These stories often follow the traditional narrative arc of exposition, rising action, climax, falling action and resolution. These stories are told with images, video and data. They inspire. They enlighten. They amuse.
Tami Cannizzaro is a brand storyteller. As IBM’s VP of marketing for social business, Tami leads a team that uses IBM’s celebrated “Smarter Planet” theme as the baseline for selling software. She says, “We’re not selling software, we’re building a smarter planet.” Nike marketing doesn’t sell footwear so much as it sells an aspirational point of view. Nike tells stories that ask audiences to reach for their personal best. National Football League franchise Atlanta Falcons’ CMO Jim Smith asks fans to “Rise Up”—and they do. To sell carbonated beverages, Coca-Cola tells stories designed to inspire nostalgia and happiness. More importantly, they ask consumers to tell their story on their behalf by cultivating user-generated content.
According to IBM’s Cannizzaro, today, people’s perceptions of the IBM brand are more likely to be formed by their community, not the message coming from IBM. The best digital CMOs now get this intuitively.
3. Break through silos to erase seams between channels and experiences
Digital CMOs recognize that customers are channel-blind. Channels, after all, are an artificial construct designed, first, to support corporate goals and organizational structures; and, second, to support the needs of customers. Today, customers expect the inverse: brand interactions that hide the seams between channels, where stories, experiences and services serve their needs first and the brand’s second.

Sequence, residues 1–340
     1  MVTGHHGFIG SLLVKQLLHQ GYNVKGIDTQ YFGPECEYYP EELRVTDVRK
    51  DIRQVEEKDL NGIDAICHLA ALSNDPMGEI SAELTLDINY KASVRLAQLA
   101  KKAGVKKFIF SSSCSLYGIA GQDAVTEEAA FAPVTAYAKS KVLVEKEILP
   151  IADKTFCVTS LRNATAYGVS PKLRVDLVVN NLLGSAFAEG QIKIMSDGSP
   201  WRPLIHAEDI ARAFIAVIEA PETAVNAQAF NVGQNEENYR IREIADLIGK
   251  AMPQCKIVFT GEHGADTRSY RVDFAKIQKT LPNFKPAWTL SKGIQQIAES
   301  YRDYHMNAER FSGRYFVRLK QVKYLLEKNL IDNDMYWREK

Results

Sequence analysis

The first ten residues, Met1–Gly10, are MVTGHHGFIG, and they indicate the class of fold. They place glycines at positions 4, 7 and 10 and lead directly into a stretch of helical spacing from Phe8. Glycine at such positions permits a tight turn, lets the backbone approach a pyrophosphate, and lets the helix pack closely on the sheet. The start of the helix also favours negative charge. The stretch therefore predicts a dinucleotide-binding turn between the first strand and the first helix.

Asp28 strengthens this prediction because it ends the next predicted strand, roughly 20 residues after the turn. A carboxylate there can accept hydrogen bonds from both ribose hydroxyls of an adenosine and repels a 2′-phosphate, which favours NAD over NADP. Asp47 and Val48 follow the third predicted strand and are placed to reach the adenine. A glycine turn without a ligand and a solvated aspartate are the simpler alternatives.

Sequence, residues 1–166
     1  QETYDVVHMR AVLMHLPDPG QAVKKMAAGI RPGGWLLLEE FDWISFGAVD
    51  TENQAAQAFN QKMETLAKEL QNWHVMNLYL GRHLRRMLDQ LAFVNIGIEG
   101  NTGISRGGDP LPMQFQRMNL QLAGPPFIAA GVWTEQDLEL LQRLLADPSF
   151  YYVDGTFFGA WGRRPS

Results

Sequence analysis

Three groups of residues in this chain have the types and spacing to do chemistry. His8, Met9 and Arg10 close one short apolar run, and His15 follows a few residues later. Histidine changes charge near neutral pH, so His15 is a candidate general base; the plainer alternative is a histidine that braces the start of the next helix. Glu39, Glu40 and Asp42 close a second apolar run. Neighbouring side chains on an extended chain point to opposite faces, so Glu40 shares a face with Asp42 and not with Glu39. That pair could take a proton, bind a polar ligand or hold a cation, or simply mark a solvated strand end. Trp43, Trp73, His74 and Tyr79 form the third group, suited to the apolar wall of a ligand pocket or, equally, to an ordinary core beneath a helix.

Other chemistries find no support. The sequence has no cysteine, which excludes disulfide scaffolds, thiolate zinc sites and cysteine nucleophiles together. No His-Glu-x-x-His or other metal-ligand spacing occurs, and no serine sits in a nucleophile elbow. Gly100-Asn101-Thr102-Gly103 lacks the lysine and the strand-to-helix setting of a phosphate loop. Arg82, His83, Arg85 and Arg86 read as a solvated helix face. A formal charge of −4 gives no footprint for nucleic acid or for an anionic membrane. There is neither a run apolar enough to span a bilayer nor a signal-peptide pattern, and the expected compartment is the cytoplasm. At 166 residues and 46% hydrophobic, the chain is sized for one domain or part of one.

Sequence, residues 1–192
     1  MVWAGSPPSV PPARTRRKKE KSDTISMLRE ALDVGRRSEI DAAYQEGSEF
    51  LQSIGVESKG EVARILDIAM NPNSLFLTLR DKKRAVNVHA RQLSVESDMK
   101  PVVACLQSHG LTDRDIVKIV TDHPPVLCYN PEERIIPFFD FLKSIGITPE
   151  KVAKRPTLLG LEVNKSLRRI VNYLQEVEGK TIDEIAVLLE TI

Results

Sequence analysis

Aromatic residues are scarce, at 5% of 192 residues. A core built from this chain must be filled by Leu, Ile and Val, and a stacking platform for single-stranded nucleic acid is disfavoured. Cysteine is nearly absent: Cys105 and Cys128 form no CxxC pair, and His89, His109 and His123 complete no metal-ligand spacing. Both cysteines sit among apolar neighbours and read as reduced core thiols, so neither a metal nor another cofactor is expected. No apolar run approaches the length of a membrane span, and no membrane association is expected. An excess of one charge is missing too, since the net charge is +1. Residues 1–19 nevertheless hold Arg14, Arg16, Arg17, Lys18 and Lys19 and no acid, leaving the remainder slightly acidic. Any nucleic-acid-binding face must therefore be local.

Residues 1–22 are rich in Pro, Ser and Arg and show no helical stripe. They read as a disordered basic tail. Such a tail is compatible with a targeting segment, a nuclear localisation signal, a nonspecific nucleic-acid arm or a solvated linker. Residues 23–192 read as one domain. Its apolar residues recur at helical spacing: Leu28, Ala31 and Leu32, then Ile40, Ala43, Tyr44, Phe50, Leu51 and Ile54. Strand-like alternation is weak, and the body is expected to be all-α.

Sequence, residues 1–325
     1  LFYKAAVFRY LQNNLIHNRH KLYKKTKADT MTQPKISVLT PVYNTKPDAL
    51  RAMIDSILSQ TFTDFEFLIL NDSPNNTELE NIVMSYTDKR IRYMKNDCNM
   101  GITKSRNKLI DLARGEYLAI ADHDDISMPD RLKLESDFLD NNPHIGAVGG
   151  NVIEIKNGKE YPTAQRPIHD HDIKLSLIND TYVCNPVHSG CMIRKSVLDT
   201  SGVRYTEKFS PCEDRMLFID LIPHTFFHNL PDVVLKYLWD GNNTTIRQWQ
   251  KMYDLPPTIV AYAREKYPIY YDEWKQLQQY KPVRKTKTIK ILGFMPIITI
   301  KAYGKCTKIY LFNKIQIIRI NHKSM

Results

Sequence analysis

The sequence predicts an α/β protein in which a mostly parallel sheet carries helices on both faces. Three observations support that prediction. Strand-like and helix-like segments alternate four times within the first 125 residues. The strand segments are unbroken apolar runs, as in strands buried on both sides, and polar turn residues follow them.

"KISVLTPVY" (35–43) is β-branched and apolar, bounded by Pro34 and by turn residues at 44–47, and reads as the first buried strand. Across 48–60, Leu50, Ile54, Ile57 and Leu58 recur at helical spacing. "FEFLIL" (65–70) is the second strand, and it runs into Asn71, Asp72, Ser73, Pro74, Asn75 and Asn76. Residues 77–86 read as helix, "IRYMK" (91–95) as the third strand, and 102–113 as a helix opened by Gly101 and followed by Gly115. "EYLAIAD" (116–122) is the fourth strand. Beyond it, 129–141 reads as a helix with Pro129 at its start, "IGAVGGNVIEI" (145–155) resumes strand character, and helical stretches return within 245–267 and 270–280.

Sharon Osen, SVP of global marketing at Swiss luxury beauty brand La Prairie starts with the customer, developing customer archetypes and personas that guide the design of multichannel experience that deliver on real customer needs. This begins with a deep understanding of customer habits and preferences, and how La Prairie can add value in their daily lives. Beauty retailer Sephora blends in-store and mobile channels to create ensemble experiences that make shopping easier and more engaging.
But La Prairie’s Osen makes it clear that the goal isn’t transformation for its own sake. She says it’s about enhancing brand experiences customers have come to expect with new digital extensions.
4. Use data to target precisely and measure relentlessly
Digital CMOs have learned to “close the loop,” turning their marketing efforts into a data-centric, performance-driven discipline. Here, the goal is to trace the thread from investments to outcomes, directly attributing marketing dollars with business outcomes. These CMOs use first- and third-party data to target contextually relevant offers and experiences guided by predictive analytics and algorithms that learn and adapt as customers traverse a meandering purchase path. These marketers then close the loop by combining this data-driven targeting with a process for continuous measurement. The result is a performance-driven discipline where marketing investments can be optimized to highest yield.